8. Such an interesting post, Lesley. Thank you so much for writing it. And thank you to everyone who’s commented and joined the discussion. Rachtaythefirst, I loved that quote about how education should be lighting a fire not filling a bucket – so true! Lesley, I absolutely agree with your concerns about how targets, league tables and the culture of Ofsted harm individual pupils. I do some private tutoring and I’ve seen first hand pupils who are treated as little more than a body with the potential to get a C at GCSE. I’m shocked by how little some schools seem to care about what children actually learn from their education; and by how indifferent some schools are to supporting the potential of every pupil – regardless of whether their achievement is likely to be statistically beneficial or not. I don’t blame teachers – I see them as real heroes ploughing on in a deeply depressing and overwhelming educational climate of bureaucracy and unimaginativeness.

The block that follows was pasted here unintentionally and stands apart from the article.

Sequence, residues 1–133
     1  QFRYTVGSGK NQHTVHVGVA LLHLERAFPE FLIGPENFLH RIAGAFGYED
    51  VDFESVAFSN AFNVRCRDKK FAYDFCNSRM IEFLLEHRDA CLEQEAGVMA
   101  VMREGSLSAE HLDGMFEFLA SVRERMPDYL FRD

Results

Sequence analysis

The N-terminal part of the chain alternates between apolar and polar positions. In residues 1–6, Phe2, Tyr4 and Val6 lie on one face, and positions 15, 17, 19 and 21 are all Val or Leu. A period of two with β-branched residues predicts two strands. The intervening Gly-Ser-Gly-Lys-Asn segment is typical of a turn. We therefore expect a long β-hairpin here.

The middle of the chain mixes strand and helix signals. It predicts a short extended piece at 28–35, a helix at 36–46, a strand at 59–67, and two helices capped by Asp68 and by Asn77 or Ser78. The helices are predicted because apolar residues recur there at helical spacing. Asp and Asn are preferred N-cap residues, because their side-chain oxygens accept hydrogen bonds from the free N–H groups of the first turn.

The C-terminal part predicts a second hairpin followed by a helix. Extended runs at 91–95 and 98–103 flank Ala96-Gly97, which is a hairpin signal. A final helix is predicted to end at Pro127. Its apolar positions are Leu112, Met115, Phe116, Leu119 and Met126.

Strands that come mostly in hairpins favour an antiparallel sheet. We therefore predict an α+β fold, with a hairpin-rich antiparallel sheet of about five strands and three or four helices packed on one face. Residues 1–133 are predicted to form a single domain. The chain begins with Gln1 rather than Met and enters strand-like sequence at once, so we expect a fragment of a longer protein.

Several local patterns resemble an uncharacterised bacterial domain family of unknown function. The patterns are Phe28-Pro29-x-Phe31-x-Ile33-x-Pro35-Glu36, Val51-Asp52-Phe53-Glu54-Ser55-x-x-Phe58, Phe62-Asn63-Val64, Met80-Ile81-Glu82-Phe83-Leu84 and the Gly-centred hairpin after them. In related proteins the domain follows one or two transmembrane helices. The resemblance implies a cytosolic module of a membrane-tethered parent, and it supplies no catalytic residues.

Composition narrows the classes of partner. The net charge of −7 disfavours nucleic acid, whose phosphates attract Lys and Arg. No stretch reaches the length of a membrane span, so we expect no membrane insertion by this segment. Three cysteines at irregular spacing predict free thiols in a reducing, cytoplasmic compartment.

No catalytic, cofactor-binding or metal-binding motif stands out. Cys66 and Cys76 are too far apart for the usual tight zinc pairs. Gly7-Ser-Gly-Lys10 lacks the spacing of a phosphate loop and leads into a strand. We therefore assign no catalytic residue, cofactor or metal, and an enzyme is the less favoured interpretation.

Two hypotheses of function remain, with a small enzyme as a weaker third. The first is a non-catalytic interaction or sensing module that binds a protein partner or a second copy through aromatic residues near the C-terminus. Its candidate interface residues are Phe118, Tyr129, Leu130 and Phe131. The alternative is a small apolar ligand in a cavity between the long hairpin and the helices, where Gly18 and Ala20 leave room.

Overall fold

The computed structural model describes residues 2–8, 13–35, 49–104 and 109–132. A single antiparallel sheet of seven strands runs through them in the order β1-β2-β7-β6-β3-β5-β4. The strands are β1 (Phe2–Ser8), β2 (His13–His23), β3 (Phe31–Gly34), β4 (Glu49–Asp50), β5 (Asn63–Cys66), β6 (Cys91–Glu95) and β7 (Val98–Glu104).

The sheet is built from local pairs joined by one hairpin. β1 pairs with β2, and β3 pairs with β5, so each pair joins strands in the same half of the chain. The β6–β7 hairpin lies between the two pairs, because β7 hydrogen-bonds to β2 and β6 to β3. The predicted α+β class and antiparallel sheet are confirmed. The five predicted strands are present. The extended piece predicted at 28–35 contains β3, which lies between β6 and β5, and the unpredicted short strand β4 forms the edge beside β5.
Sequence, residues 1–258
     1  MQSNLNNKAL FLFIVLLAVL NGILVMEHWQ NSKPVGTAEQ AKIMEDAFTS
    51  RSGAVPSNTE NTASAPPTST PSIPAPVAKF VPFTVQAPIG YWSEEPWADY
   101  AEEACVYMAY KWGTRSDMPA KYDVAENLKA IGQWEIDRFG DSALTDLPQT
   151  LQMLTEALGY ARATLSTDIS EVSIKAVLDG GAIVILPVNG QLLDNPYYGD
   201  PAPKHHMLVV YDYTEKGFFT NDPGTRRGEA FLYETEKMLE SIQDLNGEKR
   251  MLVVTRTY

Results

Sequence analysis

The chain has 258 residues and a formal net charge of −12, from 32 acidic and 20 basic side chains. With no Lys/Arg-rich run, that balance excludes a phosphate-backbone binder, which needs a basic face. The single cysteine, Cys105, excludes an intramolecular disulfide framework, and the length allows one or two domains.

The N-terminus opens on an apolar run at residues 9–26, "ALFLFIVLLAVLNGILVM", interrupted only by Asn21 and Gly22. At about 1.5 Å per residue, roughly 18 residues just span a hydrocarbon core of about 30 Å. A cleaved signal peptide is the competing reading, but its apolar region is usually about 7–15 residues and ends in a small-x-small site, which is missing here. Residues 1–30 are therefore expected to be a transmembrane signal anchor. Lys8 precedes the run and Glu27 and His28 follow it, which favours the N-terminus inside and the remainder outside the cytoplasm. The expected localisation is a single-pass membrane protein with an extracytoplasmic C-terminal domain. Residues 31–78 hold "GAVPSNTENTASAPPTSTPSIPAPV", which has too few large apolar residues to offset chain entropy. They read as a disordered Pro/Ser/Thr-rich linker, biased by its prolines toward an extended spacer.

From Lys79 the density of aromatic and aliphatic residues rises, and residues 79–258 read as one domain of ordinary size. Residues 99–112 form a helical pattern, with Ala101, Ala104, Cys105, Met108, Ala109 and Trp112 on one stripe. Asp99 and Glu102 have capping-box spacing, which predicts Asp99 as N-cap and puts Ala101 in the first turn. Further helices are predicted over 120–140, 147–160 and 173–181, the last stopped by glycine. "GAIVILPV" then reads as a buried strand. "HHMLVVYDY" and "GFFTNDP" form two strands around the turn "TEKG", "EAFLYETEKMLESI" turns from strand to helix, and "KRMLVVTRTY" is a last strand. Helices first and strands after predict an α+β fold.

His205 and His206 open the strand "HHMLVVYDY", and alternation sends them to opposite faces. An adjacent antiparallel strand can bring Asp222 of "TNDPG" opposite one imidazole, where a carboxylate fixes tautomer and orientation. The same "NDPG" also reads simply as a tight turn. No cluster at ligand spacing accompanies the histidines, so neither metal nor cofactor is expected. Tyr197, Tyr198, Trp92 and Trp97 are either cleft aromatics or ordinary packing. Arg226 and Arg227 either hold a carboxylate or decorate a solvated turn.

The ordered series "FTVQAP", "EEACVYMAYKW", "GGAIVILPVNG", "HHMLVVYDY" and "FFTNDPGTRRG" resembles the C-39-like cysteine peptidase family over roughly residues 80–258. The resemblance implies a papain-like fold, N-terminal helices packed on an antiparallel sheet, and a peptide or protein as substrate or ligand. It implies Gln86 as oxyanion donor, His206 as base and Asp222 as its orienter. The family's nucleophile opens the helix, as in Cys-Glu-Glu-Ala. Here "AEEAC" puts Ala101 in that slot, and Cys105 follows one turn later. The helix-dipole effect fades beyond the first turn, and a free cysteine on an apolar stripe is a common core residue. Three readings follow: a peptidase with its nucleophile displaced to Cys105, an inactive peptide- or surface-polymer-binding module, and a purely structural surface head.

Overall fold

I’ve got some reservations about home education for my own family – mainly just on a personal level because there’s no way I could do it – it’s a massive gift you’re giving to your children, Lesley, they’re so lucky that you feel able to give it so freely and enthusiastically – but it’s interesting because I think on some level I was home educated myself. I went to school but, particularly at secondary school, I wasn’t incredibly happy there. I did learn things in lessons but – for whatever bloody-minded, adolescent reason – I made it my business to engage as little as possible. Pretty much everything I learned I did at home off my own initiative – with a lot of support and engagement from my mum. I wonder if, for those of us who don’t feel able (or can’t afford) to give our children quite as much time as you’re giving them, Lesley, there could be some sort of compromise: more time for private study and independent projects; maybe even a shorter school day (although that wouldn’t help cash strapped working parents). However it’s achieved, I think there needs to be more scope for free, self-led, independent study.